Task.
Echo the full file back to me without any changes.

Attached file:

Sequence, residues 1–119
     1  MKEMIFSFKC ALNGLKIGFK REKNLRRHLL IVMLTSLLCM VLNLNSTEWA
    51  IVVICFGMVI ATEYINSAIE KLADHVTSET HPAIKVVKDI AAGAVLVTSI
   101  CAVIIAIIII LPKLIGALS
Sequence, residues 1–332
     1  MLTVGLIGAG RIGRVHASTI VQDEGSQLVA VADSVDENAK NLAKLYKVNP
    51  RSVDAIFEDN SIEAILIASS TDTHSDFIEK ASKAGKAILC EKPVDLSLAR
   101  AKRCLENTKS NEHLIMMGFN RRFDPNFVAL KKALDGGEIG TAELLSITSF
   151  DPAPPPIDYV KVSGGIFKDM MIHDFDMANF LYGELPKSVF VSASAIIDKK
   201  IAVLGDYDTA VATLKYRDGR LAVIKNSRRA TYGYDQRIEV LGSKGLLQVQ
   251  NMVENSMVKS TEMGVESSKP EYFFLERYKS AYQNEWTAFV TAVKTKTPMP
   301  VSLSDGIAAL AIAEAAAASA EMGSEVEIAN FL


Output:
Sequence, residues 1–119
     1  MKEMIFSFKC ALNGLKIGFK REKNLRRHLL IVMLTSLLCM VLNLNSTEWA
    51  IVVICFGMVI ATEYINSAIE KLADHVTSET HPAIKVVKDI AAGAVLVTSI
   101  CAVIIAIIII LPKLIGALS
Sequence, residues 1–332
     1  MLTVGLIGAG RIGRVHASTI VQDEGSQLVA VADSVDENAK NLAKLYKVNP
    51  RSVDAIFEDN SIEAILIASS TDTHSDFIEK ASKAGKAILC EKPVDLSLAR
   101  AKRCLENTKS NEHLIMMGFN RRFDPNFVAL KKALDGGEIG TAELLSITSF
   151  DPAPPPIDYV KVSGGIFKDM MIHDFDMANF LYGELPKSVF VSASAIIDKK
   201  IAVLGDYDTA VATLKYRDGR LAVIKNSRRA TYGYDQRIEV LGSKGLLQVQ
   251  NMVENSMVKS TEMGVESSKP EYFFLERYKS AYQNEWTAFV TAVKTKTPMP
   301  VSLSDGIAAL AIAEAAAASA EMGSEVEIAN FL